Determine if the following polar conic equations are parabolas, circles, ellipses, or hyperbolas.

Using Derive:

- Prepare the program for graphics.
- If the first menu item is
*Algebra*then press . - Press for
*Author*. - Enter the function
r=3/(3-2cos ) - Press to get the plot window.
*Now we need to prepare Derive to graph in polar coordinates.* - Press to enter the options menu.
- Now press to enter the state menu.
- Finally, press and then
to tell Derive to graph using continuous polar coordinates.
**Note: Derive will continue to graph in polar coordinates for the remainder***of the session or until the state is chaged back to rectangular.*

- Now press and then to see the graph.

- Next press to return to the algebra window.
- Press for
*Author*. - Enter the function
r=2.5 - Press to get the plot window.

*Derive will automatically redraw any old graphs; so don't be surprised when the old graph(s) appear.* - Now press and then
to see the new graph drawn.

- Next press to return to the algebra window.
- Press for
*Author*. - Enter the function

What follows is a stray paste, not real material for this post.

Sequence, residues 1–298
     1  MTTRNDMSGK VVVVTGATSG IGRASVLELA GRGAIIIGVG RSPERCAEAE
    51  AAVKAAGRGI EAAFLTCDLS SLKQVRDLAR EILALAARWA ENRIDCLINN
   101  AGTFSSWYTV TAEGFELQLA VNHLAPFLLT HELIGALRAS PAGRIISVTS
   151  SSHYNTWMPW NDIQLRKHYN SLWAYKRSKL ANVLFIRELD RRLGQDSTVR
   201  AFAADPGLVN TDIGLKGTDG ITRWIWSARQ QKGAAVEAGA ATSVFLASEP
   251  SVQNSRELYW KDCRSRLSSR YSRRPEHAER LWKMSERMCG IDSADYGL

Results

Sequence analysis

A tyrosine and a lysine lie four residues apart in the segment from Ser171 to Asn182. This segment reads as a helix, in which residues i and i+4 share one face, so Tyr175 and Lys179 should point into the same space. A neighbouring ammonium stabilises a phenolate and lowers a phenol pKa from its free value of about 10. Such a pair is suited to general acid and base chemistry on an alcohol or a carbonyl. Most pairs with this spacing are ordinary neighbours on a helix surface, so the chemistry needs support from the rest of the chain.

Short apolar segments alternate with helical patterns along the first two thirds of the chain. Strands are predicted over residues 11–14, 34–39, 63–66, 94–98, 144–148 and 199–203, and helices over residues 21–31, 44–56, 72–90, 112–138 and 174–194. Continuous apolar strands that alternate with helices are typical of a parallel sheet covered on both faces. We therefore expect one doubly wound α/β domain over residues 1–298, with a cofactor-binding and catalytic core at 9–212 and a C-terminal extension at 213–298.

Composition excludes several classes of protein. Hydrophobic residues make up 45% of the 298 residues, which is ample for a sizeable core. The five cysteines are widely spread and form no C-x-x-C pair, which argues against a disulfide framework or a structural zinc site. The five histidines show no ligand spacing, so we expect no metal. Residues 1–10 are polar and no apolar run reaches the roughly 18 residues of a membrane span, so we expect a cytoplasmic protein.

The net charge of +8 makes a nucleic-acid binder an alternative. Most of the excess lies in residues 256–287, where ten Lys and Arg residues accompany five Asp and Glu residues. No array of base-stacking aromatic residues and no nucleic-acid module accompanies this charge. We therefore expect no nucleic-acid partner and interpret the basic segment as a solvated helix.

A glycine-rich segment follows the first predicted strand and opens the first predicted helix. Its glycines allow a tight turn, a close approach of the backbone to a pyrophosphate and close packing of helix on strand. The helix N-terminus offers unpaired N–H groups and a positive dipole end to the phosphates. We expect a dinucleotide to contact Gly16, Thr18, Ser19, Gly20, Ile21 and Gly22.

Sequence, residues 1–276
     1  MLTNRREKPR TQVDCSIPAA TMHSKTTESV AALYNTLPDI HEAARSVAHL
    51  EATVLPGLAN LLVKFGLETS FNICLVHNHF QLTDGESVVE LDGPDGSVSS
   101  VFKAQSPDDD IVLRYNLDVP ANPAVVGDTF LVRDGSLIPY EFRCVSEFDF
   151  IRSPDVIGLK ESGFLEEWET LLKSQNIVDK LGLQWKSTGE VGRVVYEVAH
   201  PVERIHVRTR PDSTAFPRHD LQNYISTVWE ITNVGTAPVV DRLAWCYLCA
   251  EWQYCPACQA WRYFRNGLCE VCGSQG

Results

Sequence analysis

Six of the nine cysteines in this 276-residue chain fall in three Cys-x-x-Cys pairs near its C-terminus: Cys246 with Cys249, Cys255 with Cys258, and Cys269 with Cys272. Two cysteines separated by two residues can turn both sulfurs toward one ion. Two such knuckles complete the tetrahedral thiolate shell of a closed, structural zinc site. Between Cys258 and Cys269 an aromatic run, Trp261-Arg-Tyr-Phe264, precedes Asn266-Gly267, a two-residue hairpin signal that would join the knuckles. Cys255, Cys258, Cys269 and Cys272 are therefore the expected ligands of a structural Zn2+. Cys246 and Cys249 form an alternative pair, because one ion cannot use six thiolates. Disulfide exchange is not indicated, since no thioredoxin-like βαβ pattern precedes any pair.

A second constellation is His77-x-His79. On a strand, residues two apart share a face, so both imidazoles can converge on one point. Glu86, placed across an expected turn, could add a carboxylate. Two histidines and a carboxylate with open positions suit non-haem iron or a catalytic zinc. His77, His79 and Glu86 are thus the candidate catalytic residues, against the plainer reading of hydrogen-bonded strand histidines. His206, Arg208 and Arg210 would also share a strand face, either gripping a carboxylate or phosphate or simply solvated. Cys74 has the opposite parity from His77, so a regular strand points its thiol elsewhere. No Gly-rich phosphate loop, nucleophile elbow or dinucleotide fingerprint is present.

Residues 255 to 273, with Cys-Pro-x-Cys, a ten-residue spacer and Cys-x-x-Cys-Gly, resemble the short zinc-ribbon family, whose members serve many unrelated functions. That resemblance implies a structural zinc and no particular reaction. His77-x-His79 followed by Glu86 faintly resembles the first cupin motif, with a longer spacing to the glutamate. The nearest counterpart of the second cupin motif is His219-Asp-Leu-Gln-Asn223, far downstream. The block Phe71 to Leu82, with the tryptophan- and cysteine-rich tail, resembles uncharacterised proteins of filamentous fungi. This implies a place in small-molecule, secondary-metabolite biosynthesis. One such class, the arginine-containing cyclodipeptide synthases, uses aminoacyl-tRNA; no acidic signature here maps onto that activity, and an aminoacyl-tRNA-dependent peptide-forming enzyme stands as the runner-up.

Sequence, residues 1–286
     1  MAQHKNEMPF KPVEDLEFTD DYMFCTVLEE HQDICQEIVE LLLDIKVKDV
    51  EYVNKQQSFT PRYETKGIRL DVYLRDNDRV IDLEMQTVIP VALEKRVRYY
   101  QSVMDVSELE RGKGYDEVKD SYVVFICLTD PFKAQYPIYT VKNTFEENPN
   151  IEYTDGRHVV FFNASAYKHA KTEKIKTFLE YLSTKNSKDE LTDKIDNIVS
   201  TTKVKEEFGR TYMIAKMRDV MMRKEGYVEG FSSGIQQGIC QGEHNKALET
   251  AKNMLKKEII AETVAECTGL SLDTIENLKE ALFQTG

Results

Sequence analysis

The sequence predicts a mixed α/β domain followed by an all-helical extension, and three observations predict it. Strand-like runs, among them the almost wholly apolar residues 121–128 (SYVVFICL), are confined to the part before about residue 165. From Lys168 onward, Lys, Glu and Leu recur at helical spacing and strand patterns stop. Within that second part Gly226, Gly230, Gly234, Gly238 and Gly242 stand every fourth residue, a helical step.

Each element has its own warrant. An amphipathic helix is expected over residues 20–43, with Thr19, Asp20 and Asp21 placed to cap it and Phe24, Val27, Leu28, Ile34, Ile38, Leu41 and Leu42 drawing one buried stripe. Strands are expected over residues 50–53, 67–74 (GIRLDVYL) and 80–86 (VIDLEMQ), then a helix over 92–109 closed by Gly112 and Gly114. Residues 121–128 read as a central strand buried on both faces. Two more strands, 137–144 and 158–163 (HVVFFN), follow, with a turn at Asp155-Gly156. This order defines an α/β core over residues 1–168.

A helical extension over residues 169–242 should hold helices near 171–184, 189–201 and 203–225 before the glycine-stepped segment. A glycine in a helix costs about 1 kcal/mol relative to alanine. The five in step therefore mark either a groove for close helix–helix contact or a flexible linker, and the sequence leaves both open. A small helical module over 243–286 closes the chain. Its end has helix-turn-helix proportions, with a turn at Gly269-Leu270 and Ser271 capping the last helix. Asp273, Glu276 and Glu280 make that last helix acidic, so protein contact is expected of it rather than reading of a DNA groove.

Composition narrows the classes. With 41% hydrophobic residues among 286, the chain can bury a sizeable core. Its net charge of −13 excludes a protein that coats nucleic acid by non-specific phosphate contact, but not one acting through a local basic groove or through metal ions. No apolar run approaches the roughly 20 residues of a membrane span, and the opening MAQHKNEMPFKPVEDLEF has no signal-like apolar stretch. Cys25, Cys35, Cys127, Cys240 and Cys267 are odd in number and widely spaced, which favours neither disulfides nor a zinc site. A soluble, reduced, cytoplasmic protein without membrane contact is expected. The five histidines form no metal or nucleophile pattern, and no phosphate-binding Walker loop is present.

r=1/(1=cos ) - Press to get the plot window.

*Derive will automatically redraw any old graphs; so don't be surprised when the old graph(s) appear.* - Now press
*Derive can have troubles with parabolas/hyperbolas when their input value is pi.**To compensate for this we will change the end values to -3 and 3.*- Change the
**-3.1416**to**-3**and then press- Then change the
**3.1416**to**3**and then press- The graph should now draw fine.
- Next press to return to the algebra window.
- Press for
*Author*.- Enter the function
r= 1/(1-1.2 cos - Press to get the plot window.

*Derive will automatically redraw any old graphs; so don't be surprised when the old graph(s) appear.*- Now press
*Derive can have troubles with parabolas/hyperbolas when their input value is pi.**To compensate for this we will change the end values to -2.5 and 2.5.*- Change the
**-3**to**-2.5**and then press- Then change the
**3**to**2.5**and then press- The graph should now draw fine.
- We now have the following graphed.

To find out more about why we saw the shapes we did, see Eccentricity and Polar Conics

This document was originally written by Richard Rupp.